Unit testing has been around for ages (or at least since 1986, when IEEE standard on unit testing was confirmed). It still surprises me, though, how many people just won’t do unit testing. Reasons they state differ, but most of the times I hear something along the lines of: “Unit testing is too time consuming and when you are in a hurry, you don’t have time to fool around with it.”
Now, I am no unit testing evangelist (and many of my past co-workers can vouch for that), but this is wrong on so many levels, I don’t even know where to start. Let me tell you a little story.
When I first started with Unit testing (way back in 2011), I was of the same opinion as well. Then, a project came where I had to write software for storing information we obtained remotely from a stock broker company. This program had to connect to company’s API and of course, no testing environment could be established. Also, the PC used to connect to the company was constantly occupied. Thus, my only option to actually test, if my software is working was to go four flights of stairs up with my laptop, copy the software to the PC at hand and then run the software and see if it works. Much like in the days of mainframes and punch cards. That was the first time, when I thought: “Hmm… maybe if I can somehow test the logic my program uses and be confident that it works, I will only have to deal with one crisis and that is not knowing how exactly API works.”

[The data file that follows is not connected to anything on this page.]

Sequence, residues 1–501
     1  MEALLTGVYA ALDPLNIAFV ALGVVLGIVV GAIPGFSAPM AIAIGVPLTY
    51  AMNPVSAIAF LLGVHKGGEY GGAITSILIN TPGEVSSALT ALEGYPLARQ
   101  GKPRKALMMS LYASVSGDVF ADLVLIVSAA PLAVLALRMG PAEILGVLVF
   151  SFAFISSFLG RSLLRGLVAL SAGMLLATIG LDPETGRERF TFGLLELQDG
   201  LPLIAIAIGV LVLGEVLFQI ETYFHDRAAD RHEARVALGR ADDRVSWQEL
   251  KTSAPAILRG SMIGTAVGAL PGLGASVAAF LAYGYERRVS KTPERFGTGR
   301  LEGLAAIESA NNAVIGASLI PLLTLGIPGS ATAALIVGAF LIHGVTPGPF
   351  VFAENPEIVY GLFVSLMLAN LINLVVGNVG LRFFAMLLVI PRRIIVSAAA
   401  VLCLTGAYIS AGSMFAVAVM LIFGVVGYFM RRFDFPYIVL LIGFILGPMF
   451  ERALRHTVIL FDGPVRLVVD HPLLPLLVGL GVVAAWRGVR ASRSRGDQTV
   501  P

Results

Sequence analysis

Hence, I started to teach myself in ways of unit testing. Now, not being a very skilled unit tester at that point, I did tons of things, one should never ever do. Like, writing data in the database and then delete it later on or sending an e-mail to mail address. Still, when I was done (and way before deadline as well), I was pretty confident that my code will work and now just had to test it on that forsaken PC. It took another hour of fiddling with API implementation at the PC location and ever since then the program runs 24-7. Without a glitch. And ever since then, I consider unit testing as essential part of my projects.
You see, the thing with unit testing is, that the time you spend writing test code would be the time you would otherwise spend on testing and fixing bad code. Not to mention the time you would spend retesting and fixing bad code when new features arrive. With unit tests, you are always sure that as long as test passes, everything works as it did. It may be that you will write more code, but you will write it quicker and better than you would without tests.